• Subscribe
  • Apple Podcasts
  • Spotify
  • Google Podcasts

Why was Jesus’s tomb borrowed?

Jesus owned no tomb or burial place of his own. 

Isaiah 53:9 says, “He was assigned a grave with the wicked, and with the rich in his death.” 

His burial arrangement is attributed in all four Gospels to Joseph of Arimathea, a man of wealth and high social standing. He was apparently a member-most likely a dissenting one-of the Sanhedrin, the Jewish council that had condemned Jesus. Described as one who was “looking for the kingdom of God” (Mark 15:43; Luke 23:51), Joseph is identified by both Matthew and John as a disciple of Jesus; but the relationship was kept secret according to John. 

At some risk to himself, Joseph approached Pontius Pilate and asked that Jesus’ body be removed from the cross and given to him. Joseph was performing a pious act by obeying the Jewish law that said if a man guilty of a capital offense is put to death and his body is hung on a tree, the body could not be left on the tree overnight, but must be buried the same day. (See Deuteronomy 21:22-23.) 

According to John 19:38-42, Joseph and Nicodemus, another member of the Sanhedrin, anointed Jesus’ body with myrrh and aloes and wrapped it in a linen shroud. Jesus’ body was then placed in a new rock-hewn tomb, which may have been one that Joseph had recently obtained for his family’s use, and a stone was rolled against the door. 

Jesus told his disciples on at least two occasions that he would be put to death and on the third day he would be raised to life (Matthew 17:23; 20:19, Mark 9:31; 10:34, Luke 9:22; 18:33). Just as Jesus said, He was resurrected on the third day. But his resurrection was spiritual, not physical. God had removed his human remains. Only the linen and burial cloth around Jesus’ head remained in the tomb. 

Why was Jesus’ tomb “borrowed?” Jesus had no need for a permanent place to house his dead body because God removed it. Jesus was buried in a new, unused tomb. Criminals were often buried in unmarked mass graves. It was high honor to be buried in a new, unused tomb. More importantly, it was necessary so that there could be no doubt in anyone’s mind as to the identity of the one who arose. Had other corpses been present in the tomb, doubt may have arisen that it was actually Jesus who was resurrected. But God, in His infinite wisdom, foresaw the need for the clear identification of the risen Messiah as is noted in the prophecy of Isaiah.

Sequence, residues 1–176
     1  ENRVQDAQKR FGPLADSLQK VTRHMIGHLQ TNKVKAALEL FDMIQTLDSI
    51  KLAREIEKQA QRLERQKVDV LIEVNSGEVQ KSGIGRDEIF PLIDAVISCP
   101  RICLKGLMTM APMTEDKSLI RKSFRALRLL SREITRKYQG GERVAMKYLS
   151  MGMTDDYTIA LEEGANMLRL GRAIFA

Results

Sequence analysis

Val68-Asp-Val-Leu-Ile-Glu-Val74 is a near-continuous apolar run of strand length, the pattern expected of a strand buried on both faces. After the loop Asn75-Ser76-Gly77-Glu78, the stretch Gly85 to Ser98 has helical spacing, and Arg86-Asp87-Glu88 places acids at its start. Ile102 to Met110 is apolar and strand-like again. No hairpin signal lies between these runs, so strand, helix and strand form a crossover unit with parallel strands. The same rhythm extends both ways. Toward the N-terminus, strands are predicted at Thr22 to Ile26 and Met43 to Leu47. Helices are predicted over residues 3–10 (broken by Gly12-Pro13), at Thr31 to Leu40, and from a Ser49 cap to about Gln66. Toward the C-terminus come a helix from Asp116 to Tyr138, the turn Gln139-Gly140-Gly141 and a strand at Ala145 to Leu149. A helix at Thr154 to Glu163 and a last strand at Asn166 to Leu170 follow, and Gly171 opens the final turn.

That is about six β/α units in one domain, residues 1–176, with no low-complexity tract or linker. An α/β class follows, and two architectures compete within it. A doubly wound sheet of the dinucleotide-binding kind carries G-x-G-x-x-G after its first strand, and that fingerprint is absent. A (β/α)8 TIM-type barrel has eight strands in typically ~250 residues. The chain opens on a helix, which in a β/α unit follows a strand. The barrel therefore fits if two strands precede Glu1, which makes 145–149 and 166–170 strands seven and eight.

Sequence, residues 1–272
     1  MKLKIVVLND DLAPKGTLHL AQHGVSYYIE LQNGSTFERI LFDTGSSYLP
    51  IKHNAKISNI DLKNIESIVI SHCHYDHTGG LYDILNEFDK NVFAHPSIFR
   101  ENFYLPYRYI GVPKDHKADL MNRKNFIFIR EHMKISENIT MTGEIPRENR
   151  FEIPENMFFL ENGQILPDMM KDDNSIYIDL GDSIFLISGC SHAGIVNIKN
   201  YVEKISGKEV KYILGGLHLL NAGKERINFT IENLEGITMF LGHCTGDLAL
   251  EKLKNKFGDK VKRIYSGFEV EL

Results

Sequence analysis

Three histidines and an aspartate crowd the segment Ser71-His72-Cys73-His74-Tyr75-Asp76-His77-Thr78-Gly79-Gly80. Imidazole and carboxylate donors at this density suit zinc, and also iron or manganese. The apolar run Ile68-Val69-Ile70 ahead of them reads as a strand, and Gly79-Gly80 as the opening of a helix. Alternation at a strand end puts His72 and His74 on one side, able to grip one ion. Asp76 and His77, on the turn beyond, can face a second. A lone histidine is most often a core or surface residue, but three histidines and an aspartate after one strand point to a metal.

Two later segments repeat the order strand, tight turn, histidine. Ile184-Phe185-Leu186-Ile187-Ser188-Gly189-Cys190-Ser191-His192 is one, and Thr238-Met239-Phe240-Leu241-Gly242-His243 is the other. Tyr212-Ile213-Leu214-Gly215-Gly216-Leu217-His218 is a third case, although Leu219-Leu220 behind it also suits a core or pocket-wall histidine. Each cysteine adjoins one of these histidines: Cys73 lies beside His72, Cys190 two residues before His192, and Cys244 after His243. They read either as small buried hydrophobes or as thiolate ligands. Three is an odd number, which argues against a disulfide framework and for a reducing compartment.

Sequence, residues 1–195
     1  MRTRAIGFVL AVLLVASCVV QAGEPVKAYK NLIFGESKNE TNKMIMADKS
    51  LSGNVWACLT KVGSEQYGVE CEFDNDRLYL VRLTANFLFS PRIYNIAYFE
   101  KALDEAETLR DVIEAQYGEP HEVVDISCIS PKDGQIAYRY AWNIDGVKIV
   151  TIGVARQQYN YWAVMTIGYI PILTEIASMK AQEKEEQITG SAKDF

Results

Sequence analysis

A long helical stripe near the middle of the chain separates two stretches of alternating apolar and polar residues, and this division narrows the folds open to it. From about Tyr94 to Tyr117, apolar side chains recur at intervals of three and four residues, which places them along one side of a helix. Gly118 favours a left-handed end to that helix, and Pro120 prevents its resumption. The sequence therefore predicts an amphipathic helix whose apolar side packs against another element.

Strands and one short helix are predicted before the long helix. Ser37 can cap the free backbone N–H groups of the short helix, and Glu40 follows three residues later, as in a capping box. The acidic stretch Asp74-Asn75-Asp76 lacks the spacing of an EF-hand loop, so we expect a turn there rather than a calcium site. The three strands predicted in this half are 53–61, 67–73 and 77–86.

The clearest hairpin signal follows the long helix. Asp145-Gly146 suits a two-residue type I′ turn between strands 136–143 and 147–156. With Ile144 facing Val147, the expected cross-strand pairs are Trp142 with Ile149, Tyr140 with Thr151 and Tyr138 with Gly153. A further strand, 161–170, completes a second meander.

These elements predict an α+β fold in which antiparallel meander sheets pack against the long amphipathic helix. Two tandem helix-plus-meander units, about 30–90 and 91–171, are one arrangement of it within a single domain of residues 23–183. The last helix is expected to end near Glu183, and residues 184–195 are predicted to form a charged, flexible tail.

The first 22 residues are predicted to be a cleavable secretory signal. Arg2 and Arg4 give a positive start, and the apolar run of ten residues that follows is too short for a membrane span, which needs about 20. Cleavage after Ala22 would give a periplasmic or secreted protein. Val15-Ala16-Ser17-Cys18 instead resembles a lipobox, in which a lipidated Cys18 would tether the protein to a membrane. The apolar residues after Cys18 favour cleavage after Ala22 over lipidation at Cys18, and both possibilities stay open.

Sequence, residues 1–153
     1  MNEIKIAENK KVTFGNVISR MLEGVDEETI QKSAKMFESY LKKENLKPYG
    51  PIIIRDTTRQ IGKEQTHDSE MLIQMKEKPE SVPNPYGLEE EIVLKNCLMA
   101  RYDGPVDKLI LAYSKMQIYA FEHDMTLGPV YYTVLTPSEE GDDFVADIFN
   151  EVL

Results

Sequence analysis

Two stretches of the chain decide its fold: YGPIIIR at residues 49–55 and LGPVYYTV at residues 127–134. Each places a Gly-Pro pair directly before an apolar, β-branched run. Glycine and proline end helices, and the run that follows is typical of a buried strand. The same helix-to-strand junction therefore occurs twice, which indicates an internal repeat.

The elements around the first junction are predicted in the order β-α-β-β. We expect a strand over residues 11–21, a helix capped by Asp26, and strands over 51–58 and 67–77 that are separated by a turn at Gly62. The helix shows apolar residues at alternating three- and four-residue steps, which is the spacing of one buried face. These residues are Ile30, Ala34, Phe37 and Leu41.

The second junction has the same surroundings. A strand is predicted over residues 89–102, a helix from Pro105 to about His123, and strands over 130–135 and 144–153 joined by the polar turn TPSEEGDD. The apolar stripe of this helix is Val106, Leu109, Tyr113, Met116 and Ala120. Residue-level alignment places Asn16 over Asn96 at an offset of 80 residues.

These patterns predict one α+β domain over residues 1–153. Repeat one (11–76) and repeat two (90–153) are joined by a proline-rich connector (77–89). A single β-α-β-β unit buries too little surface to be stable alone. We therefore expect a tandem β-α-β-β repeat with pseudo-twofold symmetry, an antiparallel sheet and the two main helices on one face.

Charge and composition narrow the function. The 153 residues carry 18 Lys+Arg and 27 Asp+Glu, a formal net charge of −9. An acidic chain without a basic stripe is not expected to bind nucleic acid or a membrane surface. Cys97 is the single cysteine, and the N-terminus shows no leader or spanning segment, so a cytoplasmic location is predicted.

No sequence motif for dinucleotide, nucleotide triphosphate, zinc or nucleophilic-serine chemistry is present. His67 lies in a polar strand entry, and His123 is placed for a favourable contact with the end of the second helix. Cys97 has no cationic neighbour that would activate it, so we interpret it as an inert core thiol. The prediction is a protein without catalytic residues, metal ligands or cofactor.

When Jesus was resurrected, He was elevated to a high spiritual plane and after forty days he ascended to heaven in order to sit at His Father’s right hand where he must remain “until the time comes for God to restore everything, as he promised long ago through his holy prophets.” (Acts 3:21) 

Jesus’ sacrifice of his perfect human body on the cross not only ransomed the entire human race from the curse of death, but it also opened up a new and living way for those who choose to follow in his footsteps now. The world unknowingly waits eagerly for these sons of God to be revealed (Romans 8:19, 22-23) so that blessings can flow to the entire human family. 

“When the perishable has been clothed with the imperishable, and the mortal with immortality, then the saying that is written will come true: ‘Death has been swallowed up in victory. ‘Where, O death, is your victory? Where, O death, is your sting?’” 1 Corinthians 15:54-55

To learn more about the events surrounding Jesus’ death listen to, “Jesus is Raised! How Does That Change Me?